Press Releases

2005 Releases

Harvard School of Public Health and Common Good to Develop New Medical Injury Compensation System

For immediate release:  January 10, 2005 

Boston, MA--Harvard School of Public Health and Common Good, the nation’s bipartisan legal reform coalition, have been awarded a $1.5 million grant from The Robert Wood Johnson Foundation (RWJF) to design a prototype for a new medical injury compensation system including specialized administrative courts.

Hundreds of thousands of patients sustain serious preventable injuries in American hospitals every year. Only a fraction receive compensation, yet the high costs of delivering this compensation and the unreliability of outcomes in medical malpractice cases are causing major concern among healthcare leaders and patient safety advocates.

Specialized administrative compensation systems already exist in other areas of law in the U.S., such as childhood vaccine injury claims. The concept of specialized “health courts” has been advanced by Common Good over the last two years in a series of forums held with The Brookings Institution and the American Enterprise Institute, building on research by the Harvard School of Public Health suggesting the feasibility and advantages for patient safety of such an approach. The RWJF grant will now make it possible for Common Good and faculty from Harvard School of Public Health’s Department of Health Policy and Management to perform further research and consensus-building work needed for demonstration projects of such courts to take place.

Health courts would offer judges dedicated full-time to addressing issues of medical injury, with the help of court-appointed experts and explicit guidelines for compensation of injuries that are considered avoidable. The judges’ rulings would help set clear and consistent standards for healthcare delivery.

Researchers will analyze the functioning of administrative systems handling medical injury cases already in place in countries such as Sweden and New Zealand. Among many issues, a new system for the U.S. would need definitions for the range of covered injuries, the qualifications for judges and expert witnesses, notice and consent procedures for patients covered by the system, nonlegal mechanisms for resolution of simple claims, standards for liability, procedures for appellate review and a way to integrate the system into patient safety regulation.

“Our current system of justice, as it relates to healthcare, is broken – for patients, doctors, and hospitals,” said Philip K. Howard, Chair of Common Good. “We need to restore reliability, and expert medical injury courts could do that. With this generous support from The Robert Wood Johnson Foundation, we will now be able to refine the practical aspects of how such courts would work day-to-day.”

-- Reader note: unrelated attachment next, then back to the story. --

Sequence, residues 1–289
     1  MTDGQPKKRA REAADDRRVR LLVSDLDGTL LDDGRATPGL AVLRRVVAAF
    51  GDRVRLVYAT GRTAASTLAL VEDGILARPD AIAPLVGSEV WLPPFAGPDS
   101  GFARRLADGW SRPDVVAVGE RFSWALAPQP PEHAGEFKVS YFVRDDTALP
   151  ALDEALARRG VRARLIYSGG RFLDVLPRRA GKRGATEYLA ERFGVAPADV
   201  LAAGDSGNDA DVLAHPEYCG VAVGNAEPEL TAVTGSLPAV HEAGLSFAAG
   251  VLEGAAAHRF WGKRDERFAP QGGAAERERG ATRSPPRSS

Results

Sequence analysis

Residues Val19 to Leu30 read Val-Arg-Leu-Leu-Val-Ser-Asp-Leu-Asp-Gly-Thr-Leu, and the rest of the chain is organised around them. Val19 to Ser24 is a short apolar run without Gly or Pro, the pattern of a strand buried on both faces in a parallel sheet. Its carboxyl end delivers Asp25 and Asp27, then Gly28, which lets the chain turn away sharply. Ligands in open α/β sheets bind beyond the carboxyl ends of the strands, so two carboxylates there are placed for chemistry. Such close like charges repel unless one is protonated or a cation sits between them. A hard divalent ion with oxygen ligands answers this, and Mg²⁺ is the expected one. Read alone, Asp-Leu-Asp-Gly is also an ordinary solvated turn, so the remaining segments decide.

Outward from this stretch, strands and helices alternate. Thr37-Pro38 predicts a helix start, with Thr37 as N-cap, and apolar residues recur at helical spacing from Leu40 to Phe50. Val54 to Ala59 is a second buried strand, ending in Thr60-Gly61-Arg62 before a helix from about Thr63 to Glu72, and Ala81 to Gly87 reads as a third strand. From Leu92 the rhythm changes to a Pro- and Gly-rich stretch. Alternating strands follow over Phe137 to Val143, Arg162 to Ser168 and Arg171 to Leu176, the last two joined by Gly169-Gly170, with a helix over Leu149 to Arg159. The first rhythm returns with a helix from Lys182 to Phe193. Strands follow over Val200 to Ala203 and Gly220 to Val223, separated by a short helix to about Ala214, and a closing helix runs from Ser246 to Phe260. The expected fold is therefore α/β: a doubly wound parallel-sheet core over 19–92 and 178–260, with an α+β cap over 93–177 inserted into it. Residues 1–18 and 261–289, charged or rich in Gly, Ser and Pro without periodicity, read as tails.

“This project represents a great step forward in creating expert courts to address medical injury,” said Troyen Brennan, MD, Professor of Health Policy and Management at Harvard School of Public Health. “The concept is clearly a compelling alternative to our current malpractice system, but a great deal of research and policy development is needed to make it a reality. With this grant, that can now happen.”

“Creative solutions are needed to solve the medical justice problem in this country,” said Nancy Barrand, RWJF Senior Program Officer. “Common Good and the Harvard School of Public Health have proposed an intriguing solution, in the form of expert courts, and the Foundation is interested in seeing that idea explored further.”

For additional information contact:
Harvard School of Public Health: Robin Herman at (617) 432-4752
or rherman@hsph.harvard.edu

Common Good: Danielle Rhoades at (212) 576-2700 or danielle@goodmanmedia.com.

RWJF: Andrea Daitz at (609) 627-5937 or adaitz@rwjf.org

The Robert Wood Johnson Foundation, based in Princeton, N.J., is the nation's largest philanthropy devoted exclusively to health and health care. It concentrates its grantmaking in four goal areas: to assure that all Americans have access to quality health care at reasonable cost; to improve the quality of care and support for people with chronic health conditions; to promote healthy communities and lifestyles; and to reduce the personal, social and economic harm caused by substance abuse - tobacco, alcohol and illicit drugs.

Common Good (www.cgood.org) is a bi-partisan legal reform coalition dedicated to restoring common sense to American law. Its board is composed of leaders in a wide range of fields: former government officials, including Griffin Bell, Newt Gingrich, Eric Holder, George McGovern, Diane Ravitch, Alan Simpson, and Richard Thornburgh; current and former university presidents, including Gov. Thomas Kean, George Rupp, and John Silber, and numerous other leaders in education, healthcare, law, business and public policy. The Chair of Common Good is Philip K. Howard, a lawyer and author of The Death of Common Sense and The Collapse of the Common Good.